Axel Freed is a literature professor. He has the gambling vice. When he has lost all of his money, he borrows from his girlfriend, then his mother, and finally some bad guys that chase him. Despite all of this, he cannot stop gambling.
Wisconsin farm girl Elizabeth Carlson leaves family and her English teacher lover behind, and escapes to New York City. There she soon makes a career for herself as a fashion model. During ... See full summary »
A psychiatrist, living in Vienna, enters a torrid relationship with a married woman. When she ends up in the hospital from an overdose, an inspector becomes set on discovering the demise of their affair.
Keitel plays the lead in this schizophrenic movie in which he is continually pulled by the two conflicting sides of his personality, on the one hand that of a quiet piano virtuoso and on the other a ruthless debt collector for his mobster father. Keitel is introspective as only Keitel can be, really making the audience feel for him and his pained existence.Written by
Unfortunately always in the shadow of "Taxi Driver".
This early movie of actor Harvey Keitel is still rather unknown and was always overshadowed by the successful Keitel and de Niro movies like Scorsese's "Mean Streets" and "Taxi Driver". With Scorsese and di Niro being absent in this production, it was Keitel's time for a leading part.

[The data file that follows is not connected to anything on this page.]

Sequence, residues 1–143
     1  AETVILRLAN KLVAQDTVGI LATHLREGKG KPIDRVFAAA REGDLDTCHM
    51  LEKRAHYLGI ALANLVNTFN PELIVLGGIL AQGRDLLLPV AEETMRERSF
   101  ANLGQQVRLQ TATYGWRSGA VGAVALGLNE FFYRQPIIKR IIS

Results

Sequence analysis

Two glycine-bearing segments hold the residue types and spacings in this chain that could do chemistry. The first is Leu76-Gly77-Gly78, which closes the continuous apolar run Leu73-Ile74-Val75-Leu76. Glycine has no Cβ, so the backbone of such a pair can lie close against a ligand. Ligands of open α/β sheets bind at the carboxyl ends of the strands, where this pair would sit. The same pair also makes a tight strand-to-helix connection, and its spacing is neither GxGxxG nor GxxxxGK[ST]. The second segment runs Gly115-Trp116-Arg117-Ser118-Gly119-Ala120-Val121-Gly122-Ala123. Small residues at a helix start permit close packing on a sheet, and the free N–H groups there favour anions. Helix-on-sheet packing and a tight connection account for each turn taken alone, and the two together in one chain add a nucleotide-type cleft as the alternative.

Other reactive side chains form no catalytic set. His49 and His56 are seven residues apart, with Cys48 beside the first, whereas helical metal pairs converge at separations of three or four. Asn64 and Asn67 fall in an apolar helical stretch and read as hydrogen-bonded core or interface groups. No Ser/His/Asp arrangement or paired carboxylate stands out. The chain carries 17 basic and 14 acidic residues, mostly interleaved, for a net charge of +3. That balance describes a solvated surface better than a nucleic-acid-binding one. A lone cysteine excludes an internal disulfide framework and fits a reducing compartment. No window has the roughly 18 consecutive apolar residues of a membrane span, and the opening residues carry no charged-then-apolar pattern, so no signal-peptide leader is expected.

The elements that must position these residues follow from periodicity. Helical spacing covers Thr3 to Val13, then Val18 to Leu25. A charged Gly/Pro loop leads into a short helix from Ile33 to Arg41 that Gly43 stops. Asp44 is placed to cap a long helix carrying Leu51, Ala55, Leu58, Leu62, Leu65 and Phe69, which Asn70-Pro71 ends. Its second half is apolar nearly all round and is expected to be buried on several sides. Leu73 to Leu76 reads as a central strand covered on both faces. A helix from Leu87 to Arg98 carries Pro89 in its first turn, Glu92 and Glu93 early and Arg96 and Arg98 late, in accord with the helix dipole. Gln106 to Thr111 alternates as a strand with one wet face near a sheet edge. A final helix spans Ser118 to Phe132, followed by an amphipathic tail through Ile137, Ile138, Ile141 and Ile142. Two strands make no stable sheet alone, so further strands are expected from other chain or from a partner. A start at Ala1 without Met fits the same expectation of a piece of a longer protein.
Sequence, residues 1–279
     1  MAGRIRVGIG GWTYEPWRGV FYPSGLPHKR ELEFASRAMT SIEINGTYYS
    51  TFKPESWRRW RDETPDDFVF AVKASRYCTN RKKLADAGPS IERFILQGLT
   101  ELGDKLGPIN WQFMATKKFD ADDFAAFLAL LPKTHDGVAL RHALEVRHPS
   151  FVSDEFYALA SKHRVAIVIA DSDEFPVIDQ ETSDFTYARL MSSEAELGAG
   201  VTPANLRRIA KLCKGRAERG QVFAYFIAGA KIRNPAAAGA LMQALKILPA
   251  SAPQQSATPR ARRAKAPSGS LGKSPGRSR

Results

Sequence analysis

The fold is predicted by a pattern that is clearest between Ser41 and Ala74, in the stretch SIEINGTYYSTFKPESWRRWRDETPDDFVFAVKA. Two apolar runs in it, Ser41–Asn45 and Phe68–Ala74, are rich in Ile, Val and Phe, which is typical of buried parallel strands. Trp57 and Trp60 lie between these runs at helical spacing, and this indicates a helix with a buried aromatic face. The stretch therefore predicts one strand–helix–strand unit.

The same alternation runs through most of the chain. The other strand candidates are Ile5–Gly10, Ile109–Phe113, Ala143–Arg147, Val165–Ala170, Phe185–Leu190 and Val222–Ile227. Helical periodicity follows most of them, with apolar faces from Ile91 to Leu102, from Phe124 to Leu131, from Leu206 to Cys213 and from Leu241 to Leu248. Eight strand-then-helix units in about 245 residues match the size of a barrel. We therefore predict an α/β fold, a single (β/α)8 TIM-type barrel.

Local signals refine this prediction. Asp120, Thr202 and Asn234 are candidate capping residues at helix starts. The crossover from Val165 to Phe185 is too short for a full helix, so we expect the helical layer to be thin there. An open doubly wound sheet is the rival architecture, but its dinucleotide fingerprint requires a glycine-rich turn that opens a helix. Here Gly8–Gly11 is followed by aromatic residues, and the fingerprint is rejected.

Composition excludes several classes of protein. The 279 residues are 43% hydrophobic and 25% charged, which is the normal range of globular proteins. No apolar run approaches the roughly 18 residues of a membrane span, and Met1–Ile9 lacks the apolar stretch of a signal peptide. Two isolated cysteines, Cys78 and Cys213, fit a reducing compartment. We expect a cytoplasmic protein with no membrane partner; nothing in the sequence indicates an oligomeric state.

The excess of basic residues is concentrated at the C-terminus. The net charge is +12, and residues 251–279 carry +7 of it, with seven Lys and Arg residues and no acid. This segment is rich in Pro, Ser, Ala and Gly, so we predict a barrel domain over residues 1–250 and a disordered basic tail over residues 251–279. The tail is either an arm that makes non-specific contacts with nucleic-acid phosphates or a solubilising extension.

He plays the schizophrenic character "Fingers", a brutal repo man who is dreaming of a classical piano player career in a distant future beyond violence. He falls in love with an ignorant woman, tries to convince his father and mentor of his musical talents, but also has to take any dirty job to survive. Finally he takes his famous "last job" and tries to get a large amount of money from a brutal Mafia youngster, but has to face his biggest enemy - and his last big showdown.
"Fingers" is a rather calm movie which leaves enough place for Keitel to show the different personalities of "Fingers". There are dirty back roads, a bloody showdown and the tristesse of other sad New York stories, but not the glam and the roaring action of the Scorsese movies. And there are always evidences of hope and love which are finally crushed by the wheels of reality... Watch out for "Fingers", one of Harvey Keitel's best performances ever.
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